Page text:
Back in early November when it was announced that Edmonton had been removed from the IZOD IndyCar Series schedule, I suggested that the debacle was a sad situation.
Well, Edmonton is now back on the schedule. Unfortunately, it’s still a pretty sad situation.
Several of the worst points have already been discussed at length and haven’t changed. For one, Edmonton City Council still looks like a bunch of buffoons in spite of the event’s return, and it’s hard to imagine why anyone would want to work with them after the way they’ve conducted themselves throughout this entire affair.
For another, Edmonton is still one of the most expensive locales for the Series to visit.
But one point that hasn’t been outwardly addressed in detail — though it’s been alluded to a fair amount — is that, for today’s IICS, Edmonton simply doesn’t appear to hold a great deal of potential for growth.
When Edmonton left the schedule, chatter within the fan base immediately turned toward other Canadian cities that might be effective hosts of a race weekend. A number of people speculated that Calgary could hold a lot of promise, and there were even rumors from credible sources that Tony Cotman had already contacted Vancouver and was finding interest there. Both of these cities are quite a bit larger than Edmonton, and both are much more the type of market that key partners of the IICS are looking to work with.
Now, I’m Canadian, so naturally I’d like to see as many successful open-wheel events as possible taking place in this country. But I’ll be the first to admit that even within a dream-come-true 24-race schedule — let alone the current 17 — the IICS tops out at three Canadian events before it reaches its saturation point. Canada also happens to have three distinct high-profile markets: Southern Ontario (currently served by the Toronto race), Quebec (reportedly in the works), and Western Canada. Tying up Western Canada’s event in Edmonton blocks the IICS from expanding into Calgary or Vancouver, both of which would theoretically be a better fit for both the Series and its sponsors.
On examining these points, one is forced to conclude that Edmonton’s return was driven by the fact that its sudden disappearance left the Series in a serious lurch. When the event fell apart so quickly, INDYCAR found itself with a month-long gap in the middle of the summer and precious little time to do anything about it. Agreeing to go back to Edmonton, while possibly not INDYCAR’s preference, was clearly an easier solution than either settling for the gap or cobbling together a brand new event on such short notice. And given the investment that will be required by all parties to get this race going again, a single-year deal would have been out of the question, which leaves us with the three-year arrangement that we now see before us.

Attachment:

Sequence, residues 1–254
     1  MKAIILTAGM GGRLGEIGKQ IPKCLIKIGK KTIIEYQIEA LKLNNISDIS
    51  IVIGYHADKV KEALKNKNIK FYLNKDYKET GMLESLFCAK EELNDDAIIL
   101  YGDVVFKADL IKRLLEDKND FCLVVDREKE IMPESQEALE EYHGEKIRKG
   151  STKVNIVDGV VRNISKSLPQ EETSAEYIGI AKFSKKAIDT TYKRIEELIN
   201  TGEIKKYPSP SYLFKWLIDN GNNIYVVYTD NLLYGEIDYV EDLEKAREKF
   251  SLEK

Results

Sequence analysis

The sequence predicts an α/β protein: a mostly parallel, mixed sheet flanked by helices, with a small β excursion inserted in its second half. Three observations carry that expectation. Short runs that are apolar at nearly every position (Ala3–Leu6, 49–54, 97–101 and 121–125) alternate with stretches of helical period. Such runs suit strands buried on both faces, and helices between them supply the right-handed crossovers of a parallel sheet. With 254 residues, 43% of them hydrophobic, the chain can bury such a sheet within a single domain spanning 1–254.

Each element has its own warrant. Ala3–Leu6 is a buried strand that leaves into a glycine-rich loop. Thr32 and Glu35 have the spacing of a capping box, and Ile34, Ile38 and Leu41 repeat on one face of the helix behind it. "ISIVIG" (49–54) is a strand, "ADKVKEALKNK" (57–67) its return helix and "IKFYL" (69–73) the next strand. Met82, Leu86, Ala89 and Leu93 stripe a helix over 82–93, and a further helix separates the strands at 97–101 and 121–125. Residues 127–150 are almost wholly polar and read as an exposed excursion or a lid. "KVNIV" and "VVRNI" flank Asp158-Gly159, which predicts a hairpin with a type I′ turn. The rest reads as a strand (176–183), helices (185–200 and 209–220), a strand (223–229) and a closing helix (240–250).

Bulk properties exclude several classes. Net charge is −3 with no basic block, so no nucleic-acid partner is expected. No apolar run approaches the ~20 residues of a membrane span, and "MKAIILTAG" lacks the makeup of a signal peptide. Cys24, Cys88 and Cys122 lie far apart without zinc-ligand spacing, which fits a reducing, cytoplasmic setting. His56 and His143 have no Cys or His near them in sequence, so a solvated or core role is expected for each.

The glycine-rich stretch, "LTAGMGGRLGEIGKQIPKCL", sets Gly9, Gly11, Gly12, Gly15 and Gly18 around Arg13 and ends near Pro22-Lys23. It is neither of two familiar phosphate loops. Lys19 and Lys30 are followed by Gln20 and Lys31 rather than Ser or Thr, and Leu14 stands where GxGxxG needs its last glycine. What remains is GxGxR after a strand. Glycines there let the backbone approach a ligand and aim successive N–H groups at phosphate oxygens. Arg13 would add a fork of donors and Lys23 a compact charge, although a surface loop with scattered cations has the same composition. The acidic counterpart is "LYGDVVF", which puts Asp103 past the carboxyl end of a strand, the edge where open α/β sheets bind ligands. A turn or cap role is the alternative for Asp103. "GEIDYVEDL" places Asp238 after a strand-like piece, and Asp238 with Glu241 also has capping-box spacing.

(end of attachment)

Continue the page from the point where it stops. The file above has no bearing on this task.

That all being said, though, Edmonton’s return is most certainly not entirely negative. One of the biggest advantages to the new situation is the opportunity to redesign the circuit layout. As an anomaly in the realm of road and street courses, an airport circuit really has no business producing dull racing; it’s the only twisty layout that allows an attending race fan to see the entire course from one vantage point, and wide runways and taxiways with the flexibility to add connecting segments in any configuration allow for unlimited layout possibilities. And yet, despite all of this, Edmonton’s event simply hasn’t been very exciting from a viewer’s standpoint for the past several years. The opportunity to wipe the slate clean and design a new track with both the current equipment and the 2012 car in mind may be just what this event needs to get back off the ground.
The move also puts a little bit more sponsor negotiating leverage back into the hands of the Canadian racers. With three Canucks appearing to have a serious shot at landing rides in 2011 (be still, my beating heart), ensuring sufficient exposure for them north of the border is critical to sealing deals. Back in November, Paul Tracy was particularly vocal about how the loss of Edmonton had put a serious kink into his sponsorship talks with a major Canadian corporation. (Of course, most marketing budgets are finalized in December, so whether the event’s return might be too little, too late on this point remains to be seen.)
And finally, everyone loves a feel-good story about a grassroots fan-based movement making a difference. It was only through the rallying of Edmonton’s extremely passionate existing fan base in partnership with local businesses that Edmonton City Council was finally convinced to return to the bargaining table. (At the heart of this movement, by the way, was a gentleman named Mike Cockrall, who goes by the name Team Canada online. Mike deserves a massive amount of credit for leading this initiative and getting his home race back. If you ever make the trip to the Edmonton, be sure to stop by Mike’s motor home. He’s one of the friendliest people you’ll ever meet, and he gives away free beer.)
And so, regardless of how the positives or negatives balance out in anyone’s view, the Edmonton event now has three years to re-establish itself and cement its place on the IZOD IndyCar Series calendar. Looking ahead from where things stand today, whether the contract will be extended beyond this timeframe is anyone’s guess. It all hinges on whether the new promoter is able to increase both fan interest and revenue to keep Series and sponsor eyes from wandering, whether the new circuit makes for more exciting racing, and whether the parties involved are able to continue getting along and working together effectively.
There are interesting times ahead in Edmonton indeed.